At the trial court level, plaintiff moved affirmatively for partial summary judgment on his Labor Law §240(1) claim against defendants alleging that defendants failed to provide him with required safety equipment to prevent him from falling; and further, failed to assure the ladder was properly placed or situated at the work site. The trial court denied plaintiff’s motion writing: “….The Court finds that Plaintiff failed to establish entitlement to summary judgment….on the grounds that there exist issues of fact and credibility, including but not limited to, which ladder plaintiff utilized on the day of the accident, whether said ladder was missing rubber footing, whether the missing feet, if at all, was a defect and whether said defect was the proximate cause of plaintiff’s accident.”

The plaintiff appealed the decision, and the Appellate Division, First Department reversed opining: “Where a ladder is offered as a work-site safety device, it must be sufficient to provide proper protection. It is well settled that [the] failure to properly secure a ladder, to ensure that it remain[s] steady and erect while being used, constitutes a violation of Labor Law § 240(1)” (Montalvo v J. Petrocelli Constr., Inc., 8 AD3d 173 [1st Dept., 2004]). At both his deposition and General Municipal Law § 50-h hearing, plaintiff consistently testified that he fell from the sixth rung of an eight-foot ladder after the ladder unexpectedly wobbled. Conde corroborated plaintiff’s account by testifying, “I saw the ladder go right and then come left and that’s when I saw [plaintiff fall] . . . He wobbled this way to the right; [the ladder] went to the right . . . and then to the left, that’s when it went too far and [plaintiff] tumbled.” Plaintiff’s affidavit in support of his motion for summary judgment did not contradict these earlier statements. In the affidavit plaintiff averred that, as he was working on the piping atop the ladder, he “lost [his] balance and fell off the ladder to the ground below.” The fact that he did not mention the ladder wobbling is of no moment. Taken together, all of his and Conde’s statements, including Conde’s account of the videotape footage, which he viewed twice, support plaintiff’s position that he fell because the ladder wobbled. Plaintiff did not offer a different reason for falling. Nor did the unsigned Workers’ Compensation Form C-2 report prepared by plaintiff’s employer, which stated that plaintiff “was tightening a plumbing fitting when the wrench he was using slipped, he lost his balance and fell off of an 8 ft ladder,” contradict plaintiff’s statement that the ladder wobbled, causing him to drop his wrench.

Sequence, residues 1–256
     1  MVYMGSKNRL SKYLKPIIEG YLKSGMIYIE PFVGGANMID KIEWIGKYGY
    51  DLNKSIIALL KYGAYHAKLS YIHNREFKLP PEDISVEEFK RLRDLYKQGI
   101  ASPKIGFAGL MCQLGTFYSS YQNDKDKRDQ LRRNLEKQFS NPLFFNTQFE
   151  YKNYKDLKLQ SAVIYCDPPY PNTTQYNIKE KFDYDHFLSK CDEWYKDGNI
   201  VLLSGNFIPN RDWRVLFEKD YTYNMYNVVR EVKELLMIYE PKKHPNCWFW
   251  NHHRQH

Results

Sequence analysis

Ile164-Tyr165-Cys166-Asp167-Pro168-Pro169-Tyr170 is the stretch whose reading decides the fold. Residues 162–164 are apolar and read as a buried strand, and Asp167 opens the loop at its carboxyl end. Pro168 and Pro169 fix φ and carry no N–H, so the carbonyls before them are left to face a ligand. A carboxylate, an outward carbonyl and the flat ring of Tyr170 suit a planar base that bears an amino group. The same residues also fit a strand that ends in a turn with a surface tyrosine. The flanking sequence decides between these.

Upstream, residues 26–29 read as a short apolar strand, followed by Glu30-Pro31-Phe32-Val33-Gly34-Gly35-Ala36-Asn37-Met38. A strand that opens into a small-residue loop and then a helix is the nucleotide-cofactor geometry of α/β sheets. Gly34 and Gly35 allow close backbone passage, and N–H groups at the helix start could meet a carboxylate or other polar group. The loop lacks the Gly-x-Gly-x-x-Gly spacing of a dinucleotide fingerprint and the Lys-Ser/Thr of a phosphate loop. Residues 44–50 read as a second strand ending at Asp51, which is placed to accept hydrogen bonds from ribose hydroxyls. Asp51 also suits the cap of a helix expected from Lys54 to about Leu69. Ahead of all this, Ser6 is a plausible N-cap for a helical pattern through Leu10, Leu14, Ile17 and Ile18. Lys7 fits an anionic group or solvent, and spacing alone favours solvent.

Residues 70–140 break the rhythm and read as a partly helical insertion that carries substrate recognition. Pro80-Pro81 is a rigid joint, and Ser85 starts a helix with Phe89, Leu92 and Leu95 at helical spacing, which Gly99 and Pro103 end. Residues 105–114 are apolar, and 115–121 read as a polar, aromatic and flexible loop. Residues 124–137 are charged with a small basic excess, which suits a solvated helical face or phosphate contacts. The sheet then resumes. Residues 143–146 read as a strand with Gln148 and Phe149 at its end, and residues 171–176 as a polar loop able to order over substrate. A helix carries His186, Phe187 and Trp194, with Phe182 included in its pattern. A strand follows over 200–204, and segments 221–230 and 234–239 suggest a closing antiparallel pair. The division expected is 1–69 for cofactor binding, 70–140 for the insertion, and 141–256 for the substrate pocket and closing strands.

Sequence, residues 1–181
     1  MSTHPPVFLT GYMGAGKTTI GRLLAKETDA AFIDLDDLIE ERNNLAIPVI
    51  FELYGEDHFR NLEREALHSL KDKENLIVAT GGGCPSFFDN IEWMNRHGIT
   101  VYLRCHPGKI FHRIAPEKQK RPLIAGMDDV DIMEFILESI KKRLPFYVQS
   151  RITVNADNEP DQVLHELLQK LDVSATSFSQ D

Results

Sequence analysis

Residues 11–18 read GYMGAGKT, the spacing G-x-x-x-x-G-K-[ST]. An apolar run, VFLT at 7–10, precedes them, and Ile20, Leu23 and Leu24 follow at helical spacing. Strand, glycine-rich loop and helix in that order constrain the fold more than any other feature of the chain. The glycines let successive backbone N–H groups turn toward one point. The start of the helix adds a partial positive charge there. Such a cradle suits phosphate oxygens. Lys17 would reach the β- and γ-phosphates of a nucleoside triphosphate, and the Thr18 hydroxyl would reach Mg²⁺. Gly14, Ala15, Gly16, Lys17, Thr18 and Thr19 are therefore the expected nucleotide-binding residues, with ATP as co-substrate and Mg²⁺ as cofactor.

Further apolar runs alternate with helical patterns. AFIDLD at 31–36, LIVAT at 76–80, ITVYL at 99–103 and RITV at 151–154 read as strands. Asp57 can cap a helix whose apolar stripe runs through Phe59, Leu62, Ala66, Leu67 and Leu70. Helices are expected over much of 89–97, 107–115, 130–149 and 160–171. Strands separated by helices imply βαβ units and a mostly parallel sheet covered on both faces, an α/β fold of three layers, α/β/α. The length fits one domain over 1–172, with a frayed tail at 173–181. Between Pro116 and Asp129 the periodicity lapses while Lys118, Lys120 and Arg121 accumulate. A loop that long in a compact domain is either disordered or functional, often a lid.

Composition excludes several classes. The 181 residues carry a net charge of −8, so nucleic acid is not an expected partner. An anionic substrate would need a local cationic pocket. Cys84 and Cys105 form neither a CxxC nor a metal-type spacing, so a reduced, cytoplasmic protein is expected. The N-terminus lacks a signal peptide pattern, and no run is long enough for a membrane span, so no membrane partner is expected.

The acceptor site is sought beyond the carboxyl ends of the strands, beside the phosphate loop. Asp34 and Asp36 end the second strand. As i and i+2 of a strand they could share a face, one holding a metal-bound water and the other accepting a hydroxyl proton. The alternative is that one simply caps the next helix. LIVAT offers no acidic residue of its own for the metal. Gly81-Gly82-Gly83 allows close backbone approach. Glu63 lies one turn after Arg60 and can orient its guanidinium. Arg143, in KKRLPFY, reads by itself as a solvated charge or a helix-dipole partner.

The Appellate Division, First Department opined: “In any event, it is irrelevant whether he fell because the ladder wobbled or because he dropped his wrench. “[I]t is clear that the ladder did not prevent plaintiff from falling and there is no dispute that no safety devices, other than the ladder, were provided” (Yu Xiu Deng v A.J. Contr. Co., 255, AD2d 202, 202-203 [1st Dept., 1998]. Defendants’ argument that plaintiff was required to demonstrate that the ladder was defective in order to satisfy his burden as to the Labor Law § 240(1) claim is without merit. “It is sufficient for purposes of liability under section 240(1) that adequate safety devices to prevent the ladder from slipping or to protect plaintiff from falling were absent” (Orellano v 29 E. 37th St. Realty Corp., 292 AD2d 289, 291 [1st Dept., 2002]; see also Estrella v GIT Indust., Inc., 105 AD3d 555 [1st Dept., 2013]; McCarthy v Turner Constr., Inc., 52 AD3d 333 [1st Dept., 2008]). Inasmuch as there is no evidence that plaintiff was a recalcitrant worker or that he was not engaged in covered activity, it is sufficient for his Labor Law § 240(1) claim that his injuries were the direct consequence of using a ladder that did not provide adequate protection (Runner v New York Stock Exch., 13 NY3d at 603; see also Blake v Neighborhood Hous. Servs. of N.Y. City, 1 NY3d 280, 288-289 [2003], citing Narducci v Manhasset Bay Assoc., 96 NY2d 259, 267 [2001] [“Not every worker who falls at a construction site, and not every object that falls on a worker, gives rise to the extraordinary protections of Labor Law § 240(1). Rather, liability is contingent upon the existence of a hazard contemplated in section 240(1) and the failure to use, or the inadequacy of, a safety device of the kind enumerated therein”] [emphasis added]).”